Over time, I have developed a “check list” that I return to students who ask me for a letter of reference:

The Check List

  1. Whenever possible, please plan to have given me 30 days to write. If not, give me as much time as possible.
  2. If I have written a letter for you in the past, please remind me of this, telling me when that was and who it was for.
  3. Please include the full name and appropriate title for recipient of letter.
  4. Please include the full address for recipient.
  5. Please include any information materials about the program/scholarship/job/etc, unless that information available clearly on a web page (see next). This can be in electronic form or hard copy.
  6. If the scholarship provider, program, employer, etc. has a web presence, please include an URL for that web site.
  7. Please remind me what classes you’ve had with me, and what term(s) they took place. Or, remind me of our other ties. (Sorry, I really can remember, but if you save me these minutes, I’ll put them to better use for you working on the letter itself.)
  8. Please give me clear instructions for delivery: mail directly, return sealed to you, &c.
  9. Please include a portfolio of work you have done for me in the past. (This may not be necessary, I usually still have anything that we have exchanged in electronic format, but at least check with me about this). Material can be electronic or hard copy.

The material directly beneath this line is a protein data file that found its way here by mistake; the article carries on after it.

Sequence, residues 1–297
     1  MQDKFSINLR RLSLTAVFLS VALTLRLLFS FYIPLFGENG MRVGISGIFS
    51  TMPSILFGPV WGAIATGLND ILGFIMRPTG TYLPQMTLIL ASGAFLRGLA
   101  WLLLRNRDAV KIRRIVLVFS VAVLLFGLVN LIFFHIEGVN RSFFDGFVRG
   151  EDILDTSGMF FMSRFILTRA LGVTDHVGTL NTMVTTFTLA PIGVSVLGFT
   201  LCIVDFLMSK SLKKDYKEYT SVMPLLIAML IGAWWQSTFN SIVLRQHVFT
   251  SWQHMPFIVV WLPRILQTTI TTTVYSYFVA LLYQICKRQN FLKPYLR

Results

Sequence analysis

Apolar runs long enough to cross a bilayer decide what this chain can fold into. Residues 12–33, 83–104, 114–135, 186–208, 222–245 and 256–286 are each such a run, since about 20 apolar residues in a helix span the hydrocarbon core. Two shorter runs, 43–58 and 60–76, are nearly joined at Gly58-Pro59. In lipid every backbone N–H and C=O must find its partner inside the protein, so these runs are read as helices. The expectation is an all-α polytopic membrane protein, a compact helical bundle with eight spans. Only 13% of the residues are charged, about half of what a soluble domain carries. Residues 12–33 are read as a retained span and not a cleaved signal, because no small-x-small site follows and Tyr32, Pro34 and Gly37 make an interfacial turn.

10. Please offer me a few sentences on how I can really help you with this. What talking points would be helpful? What are the details of the impression you hope to convey? How does my letter contribute to your overall package?
  11. Always remember that a letter writer’s “stock in trade” is honesty. The very best way to secure good letters of reference is to distinguish yourself from your peers early and often in course work. Thanks.

The whole point is to be able to quickly organize the resources that will inform an interesting, positive, distinctive letter.

What do you think? If you teach, have you composed a similar check list? If you are a student, do you have any thoughts about these kinds of requirements?

[Letters of Reference Check List was written by G. Brooke Lester for Anumma.com and was originally posted on 2011/11/17. Except as noted, it is © 2011 G. Brooke Lester and licensed for re-use only under CC BY-NC-ND 3.0.]